While some “temporary” workers are employed by a staffing agency, other workers contract directly with a company as consultants or independent contractors. In the case of these contractors, the question often arises — how long can we keep contracting with this person? While there is not a bright line answer to this question, there are best practices and sliding-scale risks that increase over time as the relationship continues. Getting the answer right is important because a wrong answer implicates potential liability under many laws that treat employees very differently than independent contractors. Some of these laws include the FLSA (minimum wage and overtime requirements apply to employees but not to independent contractors), workers’ comp and unemployment (premium payment obligations required for employees but not independent contractors), IRS rules (income tax and FICA requirements apply differently to employees), and ERISA (benefits may be required under company policy for employees). While duration is only one factor among many that determines whether a worker is a contractor or an employee, six months is usually recommended as a safe duration and one-year should usually be considered an outside limit, assuming that the other independent contractor criteria are met. Every extra month the contracting relationship is extended, the worker starts to look more and more like a W-2 employee. Regardless of the duration selected, employers should define the limit in writing so there is a specific “term” in place.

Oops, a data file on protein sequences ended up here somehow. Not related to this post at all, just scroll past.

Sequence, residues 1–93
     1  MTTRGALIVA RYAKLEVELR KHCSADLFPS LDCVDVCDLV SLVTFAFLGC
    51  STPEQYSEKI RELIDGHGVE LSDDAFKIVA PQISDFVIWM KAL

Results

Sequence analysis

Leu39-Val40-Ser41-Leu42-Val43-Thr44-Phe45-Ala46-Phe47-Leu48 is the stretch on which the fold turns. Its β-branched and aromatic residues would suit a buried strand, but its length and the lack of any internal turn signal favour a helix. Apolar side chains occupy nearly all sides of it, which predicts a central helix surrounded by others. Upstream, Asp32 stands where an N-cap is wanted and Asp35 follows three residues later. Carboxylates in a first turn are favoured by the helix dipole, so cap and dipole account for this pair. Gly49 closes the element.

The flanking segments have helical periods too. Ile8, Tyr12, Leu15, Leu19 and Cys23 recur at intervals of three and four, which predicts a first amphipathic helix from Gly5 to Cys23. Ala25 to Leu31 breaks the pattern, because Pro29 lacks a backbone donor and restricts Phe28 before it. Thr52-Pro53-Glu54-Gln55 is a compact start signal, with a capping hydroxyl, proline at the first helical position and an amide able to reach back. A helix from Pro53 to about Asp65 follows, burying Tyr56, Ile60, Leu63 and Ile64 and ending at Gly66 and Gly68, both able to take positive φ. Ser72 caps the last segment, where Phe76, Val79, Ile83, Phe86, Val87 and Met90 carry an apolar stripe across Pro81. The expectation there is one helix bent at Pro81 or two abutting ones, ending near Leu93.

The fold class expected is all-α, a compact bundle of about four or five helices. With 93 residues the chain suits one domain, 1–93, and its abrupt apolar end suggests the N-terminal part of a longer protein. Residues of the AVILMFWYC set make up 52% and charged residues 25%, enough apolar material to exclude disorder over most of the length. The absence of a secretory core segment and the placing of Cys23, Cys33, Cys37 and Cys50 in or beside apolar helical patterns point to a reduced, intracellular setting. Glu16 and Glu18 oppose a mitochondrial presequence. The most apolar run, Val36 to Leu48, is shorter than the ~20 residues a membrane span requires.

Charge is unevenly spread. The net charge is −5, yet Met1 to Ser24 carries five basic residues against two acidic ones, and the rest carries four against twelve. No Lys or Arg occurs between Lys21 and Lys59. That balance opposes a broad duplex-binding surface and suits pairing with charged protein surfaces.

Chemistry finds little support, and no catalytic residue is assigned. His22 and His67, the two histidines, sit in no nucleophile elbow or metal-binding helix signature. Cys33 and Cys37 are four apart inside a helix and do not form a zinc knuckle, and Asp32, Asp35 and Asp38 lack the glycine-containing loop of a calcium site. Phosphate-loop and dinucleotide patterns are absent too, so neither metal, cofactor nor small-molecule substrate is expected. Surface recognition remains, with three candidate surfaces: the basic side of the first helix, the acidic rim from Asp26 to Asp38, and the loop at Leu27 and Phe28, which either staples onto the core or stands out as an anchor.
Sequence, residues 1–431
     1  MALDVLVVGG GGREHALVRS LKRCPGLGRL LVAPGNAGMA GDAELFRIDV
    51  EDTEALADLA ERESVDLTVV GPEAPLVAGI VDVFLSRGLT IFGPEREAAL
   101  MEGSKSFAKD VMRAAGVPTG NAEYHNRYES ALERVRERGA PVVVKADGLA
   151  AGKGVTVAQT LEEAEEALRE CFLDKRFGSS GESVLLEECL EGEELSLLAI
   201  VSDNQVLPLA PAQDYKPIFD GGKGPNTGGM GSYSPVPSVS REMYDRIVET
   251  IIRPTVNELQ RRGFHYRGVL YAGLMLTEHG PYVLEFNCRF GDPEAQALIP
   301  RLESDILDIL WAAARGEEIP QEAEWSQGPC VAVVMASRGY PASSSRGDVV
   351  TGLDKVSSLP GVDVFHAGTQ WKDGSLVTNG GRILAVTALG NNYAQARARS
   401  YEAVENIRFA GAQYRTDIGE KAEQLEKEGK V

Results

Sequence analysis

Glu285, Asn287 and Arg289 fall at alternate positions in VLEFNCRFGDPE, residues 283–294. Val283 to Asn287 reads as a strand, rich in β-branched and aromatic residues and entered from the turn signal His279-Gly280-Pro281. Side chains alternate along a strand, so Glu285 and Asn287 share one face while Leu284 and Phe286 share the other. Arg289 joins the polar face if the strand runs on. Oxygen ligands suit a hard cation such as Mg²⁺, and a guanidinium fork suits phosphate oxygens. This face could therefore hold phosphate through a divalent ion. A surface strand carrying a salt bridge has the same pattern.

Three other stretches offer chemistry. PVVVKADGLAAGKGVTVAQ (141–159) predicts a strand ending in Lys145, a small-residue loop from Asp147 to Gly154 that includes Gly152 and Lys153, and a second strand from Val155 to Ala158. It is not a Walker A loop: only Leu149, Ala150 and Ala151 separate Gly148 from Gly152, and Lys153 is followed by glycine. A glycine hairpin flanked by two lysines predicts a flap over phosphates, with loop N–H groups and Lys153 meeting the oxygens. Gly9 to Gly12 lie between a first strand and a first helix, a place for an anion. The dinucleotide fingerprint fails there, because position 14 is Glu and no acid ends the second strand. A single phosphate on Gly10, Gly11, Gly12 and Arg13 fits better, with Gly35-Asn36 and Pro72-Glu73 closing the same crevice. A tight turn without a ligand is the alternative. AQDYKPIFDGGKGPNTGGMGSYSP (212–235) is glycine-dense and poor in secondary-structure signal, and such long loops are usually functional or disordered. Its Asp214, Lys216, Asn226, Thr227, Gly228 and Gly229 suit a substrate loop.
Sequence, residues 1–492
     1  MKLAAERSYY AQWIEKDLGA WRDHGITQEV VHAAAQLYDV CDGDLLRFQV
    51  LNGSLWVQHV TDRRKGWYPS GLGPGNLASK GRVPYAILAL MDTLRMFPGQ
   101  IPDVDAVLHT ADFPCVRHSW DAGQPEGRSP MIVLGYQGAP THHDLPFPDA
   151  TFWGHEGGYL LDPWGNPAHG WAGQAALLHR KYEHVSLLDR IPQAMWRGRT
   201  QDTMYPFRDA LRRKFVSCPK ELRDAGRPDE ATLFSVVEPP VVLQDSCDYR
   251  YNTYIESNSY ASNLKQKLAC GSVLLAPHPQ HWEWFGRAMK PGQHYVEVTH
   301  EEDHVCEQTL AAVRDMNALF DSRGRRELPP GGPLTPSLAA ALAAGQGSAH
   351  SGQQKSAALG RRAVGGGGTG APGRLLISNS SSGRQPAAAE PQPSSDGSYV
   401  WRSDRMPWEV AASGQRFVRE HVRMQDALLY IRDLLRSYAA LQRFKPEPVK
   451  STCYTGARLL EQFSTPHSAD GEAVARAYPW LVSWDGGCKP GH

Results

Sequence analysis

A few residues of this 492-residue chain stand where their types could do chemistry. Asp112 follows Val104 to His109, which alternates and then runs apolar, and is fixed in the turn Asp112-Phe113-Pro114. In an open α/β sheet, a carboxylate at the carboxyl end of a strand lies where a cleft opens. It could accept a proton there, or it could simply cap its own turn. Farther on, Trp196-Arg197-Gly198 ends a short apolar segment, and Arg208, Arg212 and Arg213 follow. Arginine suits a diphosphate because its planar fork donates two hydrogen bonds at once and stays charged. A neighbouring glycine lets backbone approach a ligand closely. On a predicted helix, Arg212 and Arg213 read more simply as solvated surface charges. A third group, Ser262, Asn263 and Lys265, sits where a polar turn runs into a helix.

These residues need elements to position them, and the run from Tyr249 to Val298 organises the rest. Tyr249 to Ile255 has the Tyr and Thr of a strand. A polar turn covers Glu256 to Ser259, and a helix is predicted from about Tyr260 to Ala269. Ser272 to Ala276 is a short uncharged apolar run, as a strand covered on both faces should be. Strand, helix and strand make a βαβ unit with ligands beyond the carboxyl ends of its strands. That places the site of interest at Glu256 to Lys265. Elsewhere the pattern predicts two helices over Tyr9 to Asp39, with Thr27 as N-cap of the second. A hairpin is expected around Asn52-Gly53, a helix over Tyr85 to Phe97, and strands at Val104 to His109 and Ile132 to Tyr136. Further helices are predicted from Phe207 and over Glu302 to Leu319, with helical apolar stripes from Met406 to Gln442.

In some cases, of course, workers will be considered employees no matter what they are called because the typical indicia of the independent contractor status is not present —they do not have federal tax IDs, they do not have a capital investment in their own business, they do not hold themselves out to other employers as being available to perform work, they do not control the manner and method of their work, and, in essence, they are doing the same work, in the same way, as other employees.